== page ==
1170. Secondary Household Transmission Associated with Shiga toxin-producing Escherichia coli Outbreaks in Japan
Session: Poster Abstract Session: Public Health
Friday, October 9, 2015
Room: Poster Hall
  • 1170.pdf (148.3 kB)
  • Background: In Japan, all cases of Shiga toxin-producing Escherichia coli (STEC) infection are notifiable and 3000-4000 patients with STEC infection have been reported annually since 1999. Secondary household transmission (SHT) of STEC infection has been reported from outbreaks occurred in various institutions such as restaurants, elderly facilities and day-care centers (DCCs). If STEC is brought each home from DCCs, it might pose a high risk of hemorrhagic enteritis with serious complications, such as hemolytic uremic syndrome, to a great number of family members. Therefore, prevention of SHT is important during the early period in STEC outbreaks. The aim of this study was to reveal the precise picture of SHT due to STEC outbreaks in DCCs.

    Methods: To detect suspected outbreaks occurred at DCCs, the regions where 10 or more STEC-infected children aged 0-6 years were reported in 2006 were identified from the National Epidemiological Surveillance of Infectious Disease (NESID). Questionnaires were sent to local health centers (LHCs) that may have responded to the outbreaks. Based on the results of questionnaires and the NESID data, the SHT rates were calculated from various perspectives.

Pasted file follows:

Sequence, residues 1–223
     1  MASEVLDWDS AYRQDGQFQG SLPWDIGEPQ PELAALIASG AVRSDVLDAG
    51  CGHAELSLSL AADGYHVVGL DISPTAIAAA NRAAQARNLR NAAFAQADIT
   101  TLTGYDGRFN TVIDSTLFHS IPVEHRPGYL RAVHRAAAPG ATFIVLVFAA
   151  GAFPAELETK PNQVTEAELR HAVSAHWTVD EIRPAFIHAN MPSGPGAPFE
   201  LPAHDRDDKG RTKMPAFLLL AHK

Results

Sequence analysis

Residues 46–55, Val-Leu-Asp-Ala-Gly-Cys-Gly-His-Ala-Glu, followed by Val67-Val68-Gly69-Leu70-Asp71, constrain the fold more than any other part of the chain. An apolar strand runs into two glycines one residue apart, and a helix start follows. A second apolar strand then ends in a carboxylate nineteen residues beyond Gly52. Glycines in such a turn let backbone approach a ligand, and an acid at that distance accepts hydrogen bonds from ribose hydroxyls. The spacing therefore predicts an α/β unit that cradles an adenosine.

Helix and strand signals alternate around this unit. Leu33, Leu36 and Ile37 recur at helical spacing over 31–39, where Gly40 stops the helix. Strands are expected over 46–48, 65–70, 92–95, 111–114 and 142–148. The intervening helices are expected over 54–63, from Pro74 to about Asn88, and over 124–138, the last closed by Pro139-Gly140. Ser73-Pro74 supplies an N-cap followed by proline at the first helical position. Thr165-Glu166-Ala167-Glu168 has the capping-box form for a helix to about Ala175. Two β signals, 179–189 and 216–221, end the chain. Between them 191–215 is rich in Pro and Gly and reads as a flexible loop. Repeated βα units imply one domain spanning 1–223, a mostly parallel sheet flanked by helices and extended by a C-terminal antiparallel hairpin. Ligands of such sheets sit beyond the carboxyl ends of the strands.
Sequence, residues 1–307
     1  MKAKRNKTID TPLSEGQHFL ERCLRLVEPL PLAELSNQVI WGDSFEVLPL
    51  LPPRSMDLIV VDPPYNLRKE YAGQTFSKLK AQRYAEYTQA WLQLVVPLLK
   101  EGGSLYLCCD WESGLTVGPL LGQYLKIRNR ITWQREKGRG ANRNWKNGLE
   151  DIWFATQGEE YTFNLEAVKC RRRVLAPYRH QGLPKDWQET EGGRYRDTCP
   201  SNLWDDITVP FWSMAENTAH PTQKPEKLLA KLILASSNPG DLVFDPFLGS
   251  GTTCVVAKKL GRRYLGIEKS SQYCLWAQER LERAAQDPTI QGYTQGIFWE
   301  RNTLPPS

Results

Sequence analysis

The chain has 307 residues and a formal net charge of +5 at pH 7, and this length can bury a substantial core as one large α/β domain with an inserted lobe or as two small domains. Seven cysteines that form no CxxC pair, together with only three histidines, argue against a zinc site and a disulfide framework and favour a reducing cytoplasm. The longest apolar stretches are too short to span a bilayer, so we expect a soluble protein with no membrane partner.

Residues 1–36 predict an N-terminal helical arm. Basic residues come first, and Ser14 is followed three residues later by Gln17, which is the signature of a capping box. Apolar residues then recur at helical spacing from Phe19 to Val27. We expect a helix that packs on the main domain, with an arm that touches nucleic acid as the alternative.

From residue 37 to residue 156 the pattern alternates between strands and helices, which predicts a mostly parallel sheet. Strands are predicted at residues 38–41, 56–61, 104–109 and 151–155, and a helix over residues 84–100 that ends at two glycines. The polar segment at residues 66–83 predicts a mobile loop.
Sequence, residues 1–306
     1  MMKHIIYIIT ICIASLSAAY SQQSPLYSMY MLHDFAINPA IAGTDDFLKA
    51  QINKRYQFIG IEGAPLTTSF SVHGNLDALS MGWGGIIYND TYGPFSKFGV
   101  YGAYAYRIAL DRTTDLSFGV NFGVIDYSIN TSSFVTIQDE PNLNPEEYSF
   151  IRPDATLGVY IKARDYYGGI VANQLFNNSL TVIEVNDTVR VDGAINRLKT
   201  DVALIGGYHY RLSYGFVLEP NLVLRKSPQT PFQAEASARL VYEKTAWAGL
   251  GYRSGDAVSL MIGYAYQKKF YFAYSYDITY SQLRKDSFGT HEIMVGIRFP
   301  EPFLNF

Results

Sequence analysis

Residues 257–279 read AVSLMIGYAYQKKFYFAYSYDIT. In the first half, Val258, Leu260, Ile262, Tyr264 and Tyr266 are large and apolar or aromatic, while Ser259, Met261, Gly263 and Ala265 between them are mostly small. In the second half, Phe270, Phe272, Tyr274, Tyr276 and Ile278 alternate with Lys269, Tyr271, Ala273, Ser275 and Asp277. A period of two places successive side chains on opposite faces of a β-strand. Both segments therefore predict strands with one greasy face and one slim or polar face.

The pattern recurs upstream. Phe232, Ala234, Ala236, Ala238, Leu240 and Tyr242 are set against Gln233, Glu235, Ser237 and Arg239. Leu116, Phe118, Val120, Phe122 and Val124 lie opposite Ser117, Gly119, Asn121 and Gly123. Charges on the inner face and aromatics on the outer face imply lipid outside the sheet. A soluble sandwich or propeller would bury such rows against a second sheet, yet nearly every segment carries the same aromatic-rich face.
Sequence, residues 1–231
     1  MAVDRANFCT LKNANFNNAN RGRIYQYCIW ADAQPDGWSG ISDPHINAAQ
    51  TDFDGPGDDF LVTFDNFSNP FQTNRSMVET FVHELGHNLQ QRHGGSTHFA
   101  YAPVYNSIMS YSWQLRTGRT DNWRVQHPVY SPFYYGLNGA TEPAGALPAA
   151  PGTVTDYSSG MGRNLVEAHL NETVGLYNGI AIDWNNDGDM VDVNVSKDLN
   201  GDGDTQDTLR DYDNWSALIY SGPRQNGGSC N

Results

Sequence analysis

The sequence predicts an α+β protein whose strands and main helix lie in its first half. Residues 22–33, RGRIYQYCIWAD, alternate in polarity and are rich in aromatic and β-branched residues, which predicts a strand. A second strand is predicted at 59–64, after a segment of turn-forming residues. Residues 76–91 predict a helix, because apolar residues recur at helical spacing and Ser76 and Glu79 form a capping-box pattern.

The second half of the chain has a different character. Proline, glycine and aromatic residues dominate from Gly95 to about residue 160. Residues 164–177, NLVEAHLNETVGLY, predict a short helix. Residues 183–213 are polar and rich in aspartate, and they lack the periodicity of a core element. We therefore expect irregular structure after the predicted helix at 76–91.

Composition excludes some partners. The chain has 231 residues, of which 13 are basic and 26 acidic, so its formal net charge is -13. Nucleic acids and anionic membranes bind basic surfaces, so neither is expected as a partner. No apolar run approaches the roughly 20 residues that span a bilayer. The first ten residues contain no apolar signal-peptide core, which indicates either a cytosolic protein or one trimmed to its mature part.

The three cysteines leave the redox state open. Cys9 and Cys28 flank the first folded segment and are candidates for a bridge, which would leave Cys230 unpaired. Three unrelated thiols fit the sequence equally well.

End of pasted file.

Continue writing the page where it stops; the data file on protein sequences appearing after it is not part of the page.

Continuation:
Results: By the retrospective cohort study, sixteen outbreaks were detected. The median SHT rate was 4.4% (range 0.0-34.4%). The highest rate was 23.0% among children aged 6-9 years. The highest rate for different family members was 21.3% in brothers, following 18.3% in sisters, 10.0% in mothers. The SHT rate of mothers were significantly higher than that of fathers and grandparents. The SHT rate was highest when DCC children were aged 6 years. Both the SHT rate and the incidence of gastroenteritis significantly tended to increase at a younger age (p <0.001). The group infected by the Stx1 and Stx2-producing STEC O157 strain showed higher SHT rate than that infected by the Stx1-producing STEC O26 strain without significant difference (10.8% and 8.7%, respectively).

    Conclusion: The SHT rate was relatively higher in brothers, sisters and mothers. Hygiene education should be emphasized for children aged 6-9 years as well as younger children. Education about infection prevention should be provided to families in consideration of the family structure and the level of contact with children for each family member.

    Koichi Tokuda, MD, PhD, MPH, Department of Infection Control and Prevention, Division of Medical and Environmental Safety, Kagoshima University Hospital, Kagoshima, Japan, Yuichiro Yahata, MT, PhD, MPH, National Institute of Infectious Diseases, Tokyo, Japan and Tomimasa Sunagawa, MD, PhD, Infectious Disease Surveillance Center, National Institute of Infectious Diseases, Tokyo, Japan


    K. Tokuda, None

    Y. Yahata, None

    T. Sunagawa, None

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